Opera Mini - The free Web browser for nearly any phoneOpera is also gearing up a new version of Opera Mini, the free browser for cell phones, having just released a beta of version 4. I keep meaning to check and see what data plan I need to be able to use it, because the built-in browser on my RAZR V3T is…extremely limited. There was a brief period last year in which T-Mobile let everyone use networked applications, and even Opera Mini 2 was leaps and bounds ahead of the Motorola browser.

Between Opera Mini and Safari on the iPhone, the mobile web seems to be really opening up in a way that people were scoffing at just a year ago.

*The name Kestrel always makes me think of Queen of Wands these days, which is better than always making me think of the Hawk & Dove villain.

**Current CSS Selectors support out of 43 selectors:
IE6: 10 + 1 partial
IE7: 13 + 4
Opera 9.23: 25 + 3
Safari 3 beta: 25 + 9
Firefox 2: 26 + 10
Firefox 3 alpha: 32 + 4
Konqueror 3.57: 43
Opera 9.5 alpha: 43

Opera BrowserIt’s here, it’s free, it passes Acid2, it has widgets and BitTorrent, and it should take care of a lot of those nagging incompatibilities with rich text and AJAX. It’s Opera 9, currently the web’s #4 browser*.

I’ve been following the weeklies since beta 2, and I’m really impressed. Where Opera has been ahead of the competition, it’s stayed ahead, and where it’s been behind, it’s caught up. It’ll be interesting to see a serious showdown between Firefox 1.5 and Opera 9.

So far there are only two things I don’t like about it. I still have problems getting it to handle cookies the way I want it to, even with the new site-specific preferences. It looks like I should be able to tell it to delete all new cookies when closing except for particular sites, which I do in Firefox, but I still have to use the workaround from Opera 8 where I disable the setting, visit the site to get the “remember my login” cookie, close the browser, then re-enable it.

The second is that Opera has imitated Microsoft’s workaround for the Eolas patent, requiring you to click on plugin content (including Flash, Java, etc.) before you can interact with it. No word yet on whether Eolas has actually gone after Opera, but I can certainly see that, since even Microsoft’s deep pockets lost the case, Opera wouldn’t want to take any chances.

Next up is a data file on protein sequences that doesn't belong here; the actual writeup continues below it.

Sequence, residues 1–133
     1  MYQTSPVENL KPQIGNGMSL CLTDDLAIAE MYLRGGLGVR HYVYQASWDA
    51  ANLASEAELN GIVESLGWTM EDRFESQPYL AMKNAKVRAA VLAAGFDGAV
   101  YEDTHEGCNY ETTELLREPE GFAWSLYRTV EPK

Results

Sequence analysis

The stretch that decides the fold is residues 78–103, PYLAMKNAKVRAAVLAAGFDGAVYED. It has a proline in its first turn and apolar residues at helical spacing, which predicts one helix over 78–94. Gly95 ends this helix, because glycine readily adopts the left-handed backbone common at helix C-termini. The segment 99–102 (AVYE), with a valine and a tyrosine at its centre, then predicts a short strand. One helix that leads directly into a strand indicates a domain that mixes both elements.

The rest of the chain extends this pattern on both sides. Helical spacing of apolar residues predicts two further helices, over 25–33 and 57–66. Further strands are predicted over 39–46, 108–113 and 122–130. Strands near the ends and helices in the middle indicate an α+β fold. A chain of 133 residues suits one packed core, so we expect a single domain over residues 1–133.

There’s a big launch party in Seattle later this morning.

Update: Arve Bersvendsen has posted a nice overview of what’s new for those who would rather not dig through the changelogs.

*Well, #5 if you separate Firefox from Netscape.

Opera BrowserThat happened a lot sooner than I expected: With today’s release of Opera 8.5, the desktop web browser is now free. That’s no cost to register, no ads in the browser—100% free (as in beer).

Now we know the “new business model” they were hinting at. Reportedly they have a new deal with Google for search revenue and marketing. Edit: Opera’s Haarvard provides more info.

Aside from removing the ads, the change log shows mainly bug fixes, though they have turned on Browser JavaScript, a previously experimental feature that fixes some broken websites on the fly. I suspect without the business model change, this would have been 8.1 or 8.03. Edit: Tim Altman describes what’s in store for Opera 9.

Now that Opera and Firefox are both entirely-free downloads, the browser wars are about to get really interesting!

(via WaSP Buzz)

Opera BrowserWell, Opera 8 is out, and their website is swamped so badly they replaced their home page with a stripped-down version pointing to download sites. That’s a first.

Unfortunately I can’t get the Linux download link to get me anywhere except back to the splash page, so I’ve only managed to grab the Windows version so far.

I used to be a big fan of Opera back in the days when Mozilla was still in beta, Netscape was obsolete, and IE was… well, a security hole waiting to happen and the dominant browser as a result of monopoly abuse instead of just making a better product. But then two things happened: Mozilla got a lot better, and Opera started to get bloated. And by bloated I don’t mean in code size, I mean in user interface. It was so cluttered that after a while it was just a pain to use.

I still buy new versions as needed (The reg code for 7.x seems to work fine on 8.0. Whoops—I installed over the beta and it showed as still registered. I entered the reg code for the wrong version—the code for 7.x does work on 8.0), and I’ve got active licenses on both Windows and Linux. But in the last few years I’ve mainly used it for testing (compatibility, small-screen rendering, etc.) and for keeping multiple accounts logged into the same website.

The 8.0 betas have been very nice, though. With all the extra toolbars hidden, I can just use the web. This is one of their selling points: their press release is titled “Speed, Security and Simplicity,” and states “The default UI design is cleaner, more intuitive and allows for easy navigation.”

I don’t think it’ll get me to switch from Firefox just yet, but I may find myself using it more often. And while it’s nice that I don’t have to pay for the upgrade, I wouldn’t mind it if I did. And I certainly don’t mind paying for the upgrade. And while it’s nice that I don’t have to pay for the upgrade, I wouldn’t mind it if I did.